by George Maedonald, C.M.G., M.D., F.R.C.P., Director of the Ross Institute of Tropical Hygiene; Professor of Tropical Hygiene, London School of Hygiene and Tropical Medicine. 201 + liv pp., illustrated with figures and tables. London, New York and Toronto, Oxford University Press, 1957. Price, $7.50 in U.S.A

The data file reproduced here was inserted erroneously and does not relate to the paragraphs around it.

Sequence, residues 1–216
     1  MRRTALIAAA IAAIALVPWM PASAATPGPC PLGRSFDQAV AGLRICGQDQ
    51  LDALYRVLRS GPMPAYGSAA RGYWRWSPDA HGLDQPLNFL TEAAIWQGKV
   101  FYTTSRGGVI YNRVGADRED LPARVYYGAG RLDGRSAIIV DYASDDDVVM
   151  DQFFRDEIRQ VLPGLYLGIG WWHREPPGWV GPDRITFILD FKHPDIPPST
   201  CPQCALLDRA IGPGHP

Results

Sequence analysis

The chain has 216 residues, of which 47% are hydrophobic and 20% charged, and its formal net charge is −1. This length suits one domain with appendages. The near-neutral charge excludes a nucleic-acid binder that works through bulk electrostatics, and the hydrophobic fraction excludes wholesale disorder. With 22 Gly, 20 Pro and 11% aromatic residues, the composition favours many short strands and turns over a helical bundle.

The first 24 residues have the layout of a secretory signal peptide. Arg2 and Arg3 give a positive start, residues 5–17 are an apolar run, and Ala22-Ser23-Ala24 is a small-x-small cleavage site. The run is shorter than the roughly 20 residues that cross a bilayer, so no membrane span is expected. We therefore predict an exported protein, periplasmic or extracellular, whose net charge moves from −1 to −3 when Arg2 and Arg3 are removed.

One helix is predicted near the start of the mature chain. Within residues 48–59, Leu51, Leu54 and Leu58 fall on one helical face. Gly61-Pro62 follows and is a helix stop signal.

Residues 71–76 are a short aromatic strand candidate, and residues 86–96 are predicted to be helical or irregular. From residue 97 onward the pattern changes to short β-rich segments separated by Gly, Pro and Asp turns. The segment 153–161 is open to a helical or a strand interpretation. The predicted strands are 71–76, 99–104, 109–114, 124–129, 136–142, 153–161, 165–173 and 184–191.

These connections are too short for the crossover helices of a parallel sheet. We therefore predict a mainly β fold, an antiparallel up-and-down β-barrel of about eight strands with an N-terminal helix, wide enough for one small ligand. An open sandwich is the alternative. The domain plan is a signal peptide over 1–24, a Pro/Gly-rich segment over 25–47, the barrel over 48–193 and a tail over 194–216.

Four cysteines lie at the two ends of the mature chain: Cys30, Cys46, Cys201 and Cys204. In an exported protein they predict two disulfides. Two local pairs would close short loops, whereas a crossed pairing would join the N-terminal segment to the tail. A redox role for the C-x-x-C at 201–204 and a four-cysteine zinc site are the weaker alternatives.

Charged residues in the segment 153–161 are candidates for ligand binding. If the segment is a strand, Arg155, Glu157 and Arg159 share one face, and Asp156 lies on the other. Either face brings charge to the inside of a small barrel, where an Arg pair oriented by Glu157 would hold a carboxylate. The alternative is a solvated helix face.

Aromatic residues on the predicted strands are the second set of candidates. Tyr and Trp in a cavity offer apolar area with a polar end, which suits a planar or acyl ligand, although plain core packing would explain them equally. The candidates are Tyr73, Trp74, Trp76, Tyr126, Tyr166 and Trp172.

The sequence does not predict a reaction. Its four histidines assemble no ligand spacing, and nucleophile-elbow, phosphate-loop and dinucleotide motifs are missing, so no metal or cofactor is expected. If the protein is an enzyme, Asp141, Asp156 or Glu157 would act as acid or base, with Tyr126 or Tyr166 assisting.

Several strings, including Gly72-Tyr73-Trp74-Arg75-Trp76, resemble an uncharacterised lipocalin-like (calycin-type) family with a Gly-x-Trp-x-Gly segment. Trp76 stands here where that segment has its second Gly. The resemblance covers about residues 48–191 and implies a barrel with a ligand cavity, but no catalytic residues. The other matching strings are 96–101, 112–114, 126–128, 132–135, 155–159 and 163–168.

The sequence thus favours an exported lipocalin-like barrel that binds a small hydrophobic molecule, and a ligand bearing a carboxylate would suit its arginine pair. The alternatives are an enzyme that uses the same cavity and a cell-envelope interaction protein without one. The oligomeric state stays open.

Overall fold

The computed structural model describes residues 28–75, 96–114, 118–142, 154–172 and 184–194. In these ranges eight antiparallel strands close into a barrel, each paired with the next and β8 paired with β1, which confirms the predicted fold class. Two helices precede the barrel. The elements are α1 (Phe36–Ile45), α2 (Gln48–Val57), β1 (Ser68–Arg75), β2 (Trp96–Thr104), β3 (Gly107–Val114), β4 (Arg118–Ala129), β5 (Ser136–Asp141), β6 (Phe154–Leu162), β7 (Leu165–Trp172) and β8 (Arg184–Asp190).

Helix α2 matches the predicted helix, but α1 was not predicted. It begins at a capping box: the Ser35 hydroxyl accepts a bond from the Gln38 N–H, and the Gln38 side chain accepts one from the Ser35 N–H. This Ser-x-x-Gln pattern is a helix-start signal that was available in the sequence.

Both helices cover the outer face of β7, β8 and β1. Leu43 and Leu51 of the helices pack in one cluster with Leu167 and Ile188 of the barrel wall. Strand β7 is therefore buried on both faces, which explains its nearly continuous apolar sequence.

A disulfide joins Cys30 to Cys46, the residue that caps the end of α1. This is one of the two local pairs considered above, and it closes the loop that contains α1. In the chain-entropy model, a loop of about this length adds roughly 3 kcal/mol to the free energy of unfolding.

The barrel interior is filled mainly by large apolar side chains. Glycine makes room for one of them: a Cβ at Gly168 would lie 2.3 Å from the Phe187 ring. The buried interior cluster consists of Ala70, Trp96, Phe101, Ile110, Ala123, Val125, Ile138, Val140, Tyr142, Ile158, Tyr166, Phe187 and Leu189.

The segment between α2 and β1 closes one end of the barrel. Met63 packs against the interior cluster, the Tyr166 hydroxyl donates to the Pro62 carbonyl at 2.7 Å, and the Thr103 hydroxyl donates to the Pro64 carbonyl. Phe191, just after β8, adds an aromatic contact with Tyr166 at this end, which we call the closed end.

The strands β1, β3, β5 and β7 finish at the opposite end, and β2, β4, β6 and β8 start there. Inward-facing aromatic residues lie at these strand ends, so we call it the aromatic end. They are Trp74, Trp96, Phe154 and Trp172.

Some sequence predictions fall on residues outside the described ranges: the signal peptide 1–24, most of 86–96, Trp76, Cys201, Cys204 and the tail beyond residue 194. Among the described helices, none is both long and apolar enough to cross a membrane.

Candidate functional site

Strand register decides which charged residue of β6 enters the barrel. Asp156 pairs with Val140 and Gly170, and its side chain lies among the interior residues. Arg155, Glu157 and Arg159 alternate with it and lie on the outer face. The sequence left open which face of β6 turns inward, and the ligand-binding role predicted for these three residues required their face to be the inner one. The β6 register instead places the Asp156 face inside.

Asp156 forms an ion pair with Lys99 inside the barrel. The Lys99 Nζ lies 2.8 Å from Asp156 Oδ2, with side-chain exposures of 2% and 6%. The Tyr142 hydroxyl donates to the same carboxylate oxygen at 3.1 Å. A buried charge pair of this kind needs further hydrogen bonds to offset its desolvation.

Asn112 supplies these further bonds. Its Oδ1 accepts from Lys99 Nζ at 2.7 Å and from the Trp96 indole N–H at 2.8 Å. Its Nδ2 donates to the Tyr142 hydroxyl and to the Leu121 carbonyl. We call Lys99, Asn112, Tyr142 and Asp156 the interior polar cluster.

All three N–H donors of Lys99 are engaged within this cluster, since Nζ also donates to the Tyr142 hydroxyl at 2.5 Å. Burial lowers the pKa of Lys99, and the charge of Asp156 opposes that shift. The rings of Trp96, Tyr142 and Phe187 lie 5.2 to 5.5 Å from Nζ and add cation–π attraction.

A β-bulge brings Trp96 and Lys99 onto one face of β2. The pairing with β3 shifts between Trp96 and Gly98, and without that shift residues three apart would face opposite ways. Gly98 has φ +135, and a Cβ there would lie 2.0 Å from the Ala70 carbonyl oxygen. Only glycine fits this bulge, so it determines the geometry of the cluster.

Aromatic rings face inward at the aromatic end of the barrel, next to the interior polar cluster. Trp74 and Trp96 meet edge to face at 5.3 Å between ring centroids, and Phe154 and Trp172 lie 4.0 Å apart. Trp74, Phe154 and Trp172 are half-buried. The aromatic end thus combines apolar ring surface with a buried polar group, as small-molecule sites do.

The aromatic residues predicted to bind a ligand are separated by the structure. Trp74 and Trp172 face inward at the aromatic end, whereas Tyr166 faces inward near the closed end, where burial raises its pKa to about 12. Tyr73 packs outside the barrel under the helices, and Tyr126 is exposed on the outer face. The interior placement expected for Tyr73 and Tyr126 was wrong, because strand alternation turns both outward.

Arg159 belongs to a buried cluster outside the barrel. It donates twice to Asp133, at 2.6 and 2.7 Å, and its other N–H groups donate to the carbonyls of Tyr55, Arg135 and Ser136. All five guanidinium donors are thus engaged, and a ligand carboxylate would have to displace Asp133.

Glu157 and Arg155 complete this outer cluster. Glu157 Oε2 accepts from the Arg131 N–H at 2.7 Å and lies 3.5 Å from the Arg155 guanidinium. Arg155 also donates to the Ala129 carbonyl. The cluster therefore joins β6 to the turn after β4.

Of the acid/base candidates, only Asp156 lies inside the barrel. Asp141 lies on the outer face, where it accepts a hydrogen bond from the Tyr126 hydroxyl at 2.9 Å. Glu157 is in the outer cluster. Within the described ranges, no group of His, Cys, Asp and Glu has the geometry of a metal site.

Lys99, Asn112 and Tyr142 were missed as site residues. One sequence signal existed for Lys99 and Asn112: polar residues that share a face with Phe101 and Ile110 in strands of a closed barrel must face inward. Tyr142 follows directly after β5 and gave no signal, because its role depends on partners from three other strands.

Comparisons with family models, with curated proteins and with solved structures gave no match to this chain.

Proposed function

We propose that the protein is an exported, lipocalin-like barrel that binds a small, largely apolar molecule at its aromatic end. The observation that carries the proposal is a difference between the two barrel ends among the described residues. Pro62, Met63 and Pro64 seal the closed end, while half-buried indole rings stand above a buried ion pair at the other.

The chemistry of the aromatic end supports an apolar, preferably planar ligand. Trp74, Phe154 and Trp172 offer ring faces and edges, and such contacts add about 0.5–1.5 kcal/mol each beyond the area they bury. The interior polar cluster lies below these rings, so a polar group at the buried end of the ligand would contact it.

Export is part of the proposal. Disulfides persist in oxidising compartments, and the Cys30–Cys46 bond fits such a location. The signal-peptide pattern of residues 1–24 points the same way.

From the time of Hippocrates to the etiological discoveries of the last quarter of the 19th century the epidemiology of malaria, without knowledge of parasite or vector, concerned itself perforce with the circumstances under which the disease occurred and spread. When the discoveries of Laveran and Ross disclosed the full cycle of transmission, the old “circumstantial” epidemiology gave way to the studies of the parasite and the vector which constitute the great advance of the last half century. Nevertheless, the mass of detailed knowledge accumulated by this “biological” approach to epidemiology has not provided a satisfactory understanding of the diverse manifestations of the disease under the almost infinite number of possible combinations of biological and circumstantial variables. Professor Macdonald now attempts to identify and evaluate the measurable factors influencing the transmission and endemicity of malaria, and thus to provide a scientific basis for the explanation of the differences in the malaria picture under varying ecologic conditions.